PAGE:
Iraq Cabinet approves $67 billion budget for 2010

BAGHDAD: Iraq's Cabinet has signed off on a $67 billion draft budget for 2010 that is well below what officials have said is needed, raising concerns that the shortfall will derail the progress of Iraqi security forces just as they are taking over from withdrawing American troops.

Low oil prices have forced Iraq to curtail spending for the second year, complicating efforts to rebuild the country after years of war and construct a military capable of self-defense.

The proposed budget has a $15 billion shortfall that Iraq plans to cover by issuing bonds and asking for loans from international banking organizations, government spokesman Ali al-Dabbagh said in a statement released late Tuesday.

Parliament must still approve the budget. It was unclear when lawmakers would schedule a vote.

Last year's budget suffered deep cuts as oil prices fell from record levels of nearly $150 per barrel, forcing officials to twice slash this year's spending plans from $79 billion to $58.6 billion. The budget was based on an average oil price of $50 a barrel.

Next year's budget is based on an average oil price of $60 per barrel. On Wednesday, the November benchmark crude oil contract was up to $74.88 per barrel in Asia on electronic trading on the New York Mercantile Exchange.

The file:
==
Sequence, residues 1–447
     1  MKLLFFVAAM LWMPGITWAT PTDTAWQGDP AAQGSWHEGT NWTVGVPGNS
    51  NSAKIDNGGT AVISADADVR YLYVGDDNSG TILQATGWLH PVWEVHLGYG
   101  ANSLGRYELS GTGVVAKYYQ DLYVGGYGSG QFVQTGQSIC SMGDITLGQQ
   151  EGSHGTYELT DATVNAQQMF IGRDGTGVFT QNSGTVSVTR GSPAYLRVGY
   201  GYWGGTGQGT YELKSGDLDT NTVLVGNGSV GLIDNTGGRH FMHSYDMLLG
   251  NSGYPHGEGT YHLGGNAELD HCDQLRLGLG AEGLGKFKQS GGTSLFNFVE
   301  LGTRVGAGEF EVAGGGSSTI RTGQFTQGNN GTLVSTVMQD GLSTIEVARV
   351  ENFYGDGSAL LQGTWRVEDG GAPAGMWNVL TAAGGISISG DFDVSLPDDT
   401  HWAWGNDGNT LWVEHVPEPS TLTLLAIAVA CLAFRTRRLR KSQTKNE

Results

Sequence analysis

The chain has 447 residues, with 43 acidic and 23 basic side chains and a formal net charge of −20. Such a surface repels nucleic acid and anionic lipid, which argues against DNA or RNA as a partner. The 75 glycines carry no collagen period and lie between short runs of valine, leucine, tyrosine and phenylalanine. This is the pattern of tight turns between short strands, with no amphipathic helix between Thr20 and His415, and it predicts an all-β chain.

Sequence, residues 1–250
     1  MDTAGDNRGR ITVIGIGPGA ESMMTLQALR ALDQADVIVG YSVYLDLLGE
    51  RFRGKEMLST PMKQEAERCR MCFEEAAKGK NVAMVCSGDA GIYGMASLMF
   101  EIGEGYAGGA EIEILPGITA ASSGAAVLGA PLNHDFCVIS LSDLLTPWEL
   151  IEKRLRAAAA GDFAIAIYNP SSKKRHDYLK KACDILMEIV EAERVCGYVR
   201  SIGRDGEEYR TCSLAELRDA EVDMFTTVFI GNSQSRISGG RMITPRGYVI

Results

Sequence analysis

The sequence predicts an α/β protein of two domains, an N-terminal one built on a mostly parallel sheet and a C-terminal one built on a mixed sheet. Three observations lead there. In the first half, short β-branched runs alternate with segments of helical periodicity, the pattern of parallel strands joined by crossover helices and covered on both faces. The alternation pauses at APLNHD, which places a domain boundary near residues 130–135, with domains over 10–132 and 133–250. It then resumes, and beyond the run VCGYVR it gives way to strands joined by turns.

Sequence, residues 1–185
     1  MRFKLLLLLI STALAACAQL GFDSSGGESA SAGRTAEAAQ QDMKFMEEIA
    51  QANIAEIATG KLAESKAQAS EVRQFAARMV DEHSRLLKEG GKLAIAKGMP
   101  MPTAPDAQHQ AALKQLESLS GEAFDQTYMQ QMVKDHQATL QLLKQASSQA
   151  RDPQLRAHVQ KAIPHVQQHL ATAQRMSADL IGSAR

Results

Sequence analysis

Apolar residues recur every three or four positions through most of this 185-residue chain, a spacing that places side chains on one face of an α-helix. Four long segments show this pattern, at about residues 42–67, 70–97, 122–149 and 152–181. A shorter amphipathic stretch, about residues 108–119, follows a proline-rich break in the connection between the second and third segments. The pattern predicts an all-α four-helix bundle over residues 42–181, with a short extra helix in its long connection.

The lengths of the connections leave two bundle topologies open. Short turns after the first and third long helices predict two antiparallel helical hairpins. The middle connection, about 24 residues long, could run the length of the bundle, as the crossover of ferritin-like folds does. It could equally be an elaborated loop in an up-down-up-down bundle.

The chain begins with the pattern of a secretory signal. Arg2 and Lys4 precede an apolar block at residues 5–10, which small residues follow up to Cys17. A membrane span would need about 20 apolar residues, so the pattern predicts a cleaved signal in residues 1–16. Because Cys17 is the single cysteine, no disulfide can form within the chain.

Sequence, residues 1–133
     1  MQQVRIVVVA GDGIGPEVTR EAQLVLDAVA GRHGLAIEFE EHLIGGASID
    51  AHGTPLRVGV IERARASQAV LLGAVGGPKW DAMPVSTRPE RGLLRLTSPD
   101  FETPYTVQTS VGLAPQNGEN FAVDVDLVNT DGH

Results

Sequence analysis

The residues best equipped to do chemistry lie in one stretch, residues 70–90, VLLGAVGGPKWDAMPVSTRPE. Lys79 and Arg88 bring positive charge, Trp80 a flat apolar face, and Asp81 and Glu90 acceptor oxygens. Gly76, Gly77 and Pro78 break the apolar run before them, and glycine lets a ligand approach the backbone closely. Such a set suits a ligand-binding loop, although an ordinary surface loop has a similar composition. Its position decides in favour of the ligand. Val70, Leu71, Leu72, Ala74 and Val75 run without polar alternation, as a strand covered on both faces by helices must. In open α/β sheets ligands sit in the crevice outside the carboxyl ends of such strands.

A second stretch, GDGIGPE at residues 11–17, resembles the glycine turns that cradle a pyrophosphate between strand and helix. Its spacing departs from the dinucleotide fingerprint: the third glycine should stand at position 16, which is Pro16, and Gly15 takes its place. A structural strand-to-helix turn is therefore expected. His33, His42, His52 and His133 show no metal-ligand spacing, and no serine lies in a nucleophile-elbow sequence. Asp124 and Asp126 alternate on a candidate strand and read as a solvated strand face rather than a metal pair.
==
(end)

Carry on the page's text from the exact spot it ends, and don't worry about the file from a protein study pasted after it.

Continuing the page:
Al-Dabbagh said that about $17.83 billion of the budget would be used for reconstruction and infrastructure improvements. The remainder would be used for government operating costs, such as paying salaries, he said.

This year's budget crunch has already forced Iraqi planners to make tough choices as American troops prepare to withdraw by the end of 2011. With the U.S. no longer in a position to finance an Iraqi budget shortfall, the government has imposed a hiring freeze and limited its military spending.

Al-Dabbagh said government cutbacks also were expected to be made next year. He did not say where the cuts would be made.

The U.S. military has said Iraq's budget crunch has derailed its effort to buy enough ships, planes and weapons. It also has slowed the construction of a national supply chain to feed and fuel the forces.

Reconstruction has moved to the forefront as the leading campaign issue facing lawmakers ahead of January's national elections. After more than six years of war, Iraq is still struggling to provide clean water and electricity to its population.

Prime Minister Nouri al-Maliki recently said so much money was being spent on Iraqi security forces that it was hindering reconstruction, sending a signal that more attention would be paid to rebuilding infrastructure.

Despite the overall decline in violence that has allowed the government to turn attention to reconstruction, insurgents continue to target Iraqi security forces and civilians with regularity.

A bomb attached to the car of a senior Sunni cleric known for denouncing violence exploded Wednesday in northern Baghdad, the third such attack against a cleric in recent weeks, an Iraqi army official said.

Sheik Abdul-Sattar al-Janabi, who leads the biggest Sunni mosque in Baghdad, was wounded in the bombing. His injuries were not life-threatening, the official said, speaking on condition of anonymity because he was not authorized to release the information.

Recently, a Sunni cleric in the western town of Saqlawiyah and another in the northern city of Mosul were killed in similar attacks. Both had routinely called on worshippers to turn away from sectarian violence.